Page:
Hyderabad: Having completed the long-awaited renovation works, the Nehru Centenary Tribal Museum, which showcases the rich culture and heritage of different tribal groups under one roof, is now sporting fresh look. The renovation works of the museum at Masab Tank in the city have been completed at an estimated budget of Rs 1.50 crore.
The one-of-its-kind museum in the State offers a sneak peek into the lives of Gond, Koya, Yerukala, Lambaba, Andh, Kolam, Chenchus, Konda Reddis and Thoti tribes and brings together their culture, food, lifestyle and beliefs and provides detailed information about the tribes in Telangana.
Marking the World Tribal Day on Sunday, Nehru Centenary Tribal Museum was formally inaugurated by Tribal Welfare Minister Satyavathi Rathod, Chief Secretary Somesh Kumar and TSWREIS Secretary RS Praveen Kumar.
Established in 2003, the tribal museum for long was in a neglected state with little prominence given to the tribal culture of Telangana. After the State bifurcation, officials realised that the museum hosted 70 per cent of the presentations from the AP with Telangana tribal traditions and heritage getting just about 30 per cent of space.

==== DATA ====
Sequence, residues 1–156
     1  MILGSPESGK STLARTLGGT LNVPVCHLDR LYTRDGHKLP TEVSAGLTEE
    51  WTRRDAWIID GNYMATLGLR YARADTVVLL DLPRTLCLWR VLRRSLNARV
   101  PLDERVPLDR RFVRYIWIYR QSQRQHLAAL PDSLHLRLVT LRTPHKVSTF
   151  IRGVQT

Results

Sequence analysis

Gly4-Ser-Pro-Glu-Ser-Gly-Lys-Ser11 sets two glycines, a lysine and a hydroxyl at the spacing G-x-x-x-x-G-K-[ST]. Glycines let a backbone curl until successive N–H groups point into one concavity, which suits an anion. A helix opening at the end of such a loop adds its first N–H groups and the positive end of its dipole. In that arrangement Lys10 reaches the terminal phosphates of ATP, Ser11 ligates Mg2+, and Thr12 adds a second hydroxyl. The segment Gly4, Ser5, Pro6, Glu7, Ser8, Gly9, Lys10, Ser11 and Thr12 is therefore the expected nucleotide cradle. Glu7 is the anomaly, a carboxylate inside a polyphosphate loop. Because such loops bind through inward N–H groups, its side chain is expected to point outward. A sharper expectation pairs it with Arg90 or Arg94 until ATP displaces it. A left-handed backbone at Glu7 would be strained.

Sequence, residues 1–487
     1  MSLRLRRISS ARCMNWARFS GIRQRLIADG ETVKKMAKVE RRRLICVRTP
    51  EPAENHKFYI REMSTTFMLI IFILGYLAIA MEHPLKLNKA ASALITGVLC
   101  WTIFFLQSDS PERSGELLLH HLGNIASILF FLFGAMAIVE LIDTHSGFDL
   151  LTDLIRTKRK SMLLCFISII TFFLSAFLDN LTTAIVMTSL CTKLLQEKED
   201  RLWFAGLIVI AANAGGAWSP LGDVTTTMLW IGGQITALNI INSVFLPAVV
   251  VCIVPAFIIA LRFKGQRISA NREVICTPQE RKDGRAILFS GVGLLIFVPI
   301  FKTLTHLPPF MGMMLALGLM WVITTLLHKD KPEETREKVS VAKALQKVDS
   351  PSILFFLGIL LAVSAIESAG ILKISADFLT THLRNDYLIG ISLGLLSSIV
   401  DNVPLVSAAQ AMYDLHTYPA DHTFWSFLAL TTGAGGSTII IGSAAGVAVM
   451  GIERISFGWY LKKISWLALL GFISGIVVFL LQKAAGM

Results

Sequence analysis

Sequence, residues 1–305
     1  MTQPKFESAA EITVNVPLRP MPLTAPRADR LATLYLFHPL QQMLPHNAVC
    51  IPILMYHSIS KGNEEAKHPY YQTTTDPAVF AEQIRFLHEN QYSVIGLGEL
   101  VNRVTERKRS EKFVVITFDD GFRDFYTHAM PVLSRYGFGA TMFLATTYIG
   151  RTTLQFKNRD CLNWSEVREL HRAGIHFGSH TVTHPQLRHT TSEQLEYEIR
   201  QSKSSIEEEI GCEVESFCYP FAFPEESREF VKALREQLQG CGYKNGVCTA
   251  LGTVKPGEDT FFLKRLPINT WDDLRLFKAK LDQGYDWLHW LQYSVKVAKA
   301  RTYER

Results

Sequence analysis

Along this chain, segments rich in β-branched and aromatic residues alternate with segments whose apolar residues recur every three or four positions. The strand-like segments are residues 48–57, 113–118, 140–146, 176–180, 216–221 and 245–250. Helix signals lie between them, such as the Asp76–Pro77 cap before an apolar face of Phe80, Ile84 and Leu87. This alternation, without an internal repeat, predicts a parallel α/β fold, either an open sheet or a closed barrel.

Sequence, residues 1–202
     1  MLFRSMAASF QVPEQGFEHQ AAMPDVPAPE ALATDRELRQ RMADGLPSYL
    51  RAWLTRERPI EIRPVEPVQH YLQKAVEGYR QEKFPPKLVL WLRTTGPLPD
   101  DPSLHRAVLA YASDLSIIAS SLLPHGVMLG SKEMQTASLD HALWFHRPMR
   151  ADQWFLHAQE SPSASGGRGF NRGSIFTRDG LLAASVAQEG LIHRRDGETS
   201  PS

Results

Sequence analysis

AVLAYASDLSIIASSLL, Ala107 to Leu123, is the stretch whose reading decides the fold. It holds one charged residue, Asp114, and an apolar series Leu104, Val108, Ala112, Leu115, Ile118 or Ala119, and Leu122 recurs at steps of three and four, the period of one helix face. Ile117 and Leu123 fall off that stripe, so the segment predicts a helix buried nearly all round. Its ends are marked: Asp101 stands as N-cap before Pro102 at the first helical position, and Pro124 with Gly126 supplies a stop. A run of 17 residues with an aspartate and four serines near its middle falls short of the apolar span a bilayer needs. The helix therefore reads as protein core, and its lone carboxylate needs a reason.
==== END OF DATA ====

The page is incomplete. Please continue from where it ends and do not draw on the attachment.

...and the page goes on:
This prompted Tribal Welfare Department to write a letter to the Centre to release funds for revamping the museum. Sprawling in three floors over 20,000 sft, the revamp works began in 2017.
Museum Curator Dyavanapalli Satyanarayana said their objective was to preserve the art and culture of various tribes. The folklore, lifestyle, rituals and social customs of all indigenous tribes of the State have come under one roof, he said. “Lot of care was taken to retain the authenticity and richness of the tribal culture and traditions while carrying out the renovation works. We will display the content in the form of photo slides, audio and visual on particularly vulnerable tribal group in the ground floor,” he said.
Apart from huts, handicrafts, artefacts and 3D sculptures, the museum houses various galleries made of mud, bamboo, grass, and also portrays essentials such as agricultural tools and earthenware used by different tribal communities.
The walls are adorned with murals to resemble tribal ambience while an 80-seat amphitheater plays short films and videos on tribes to those visit the museum.
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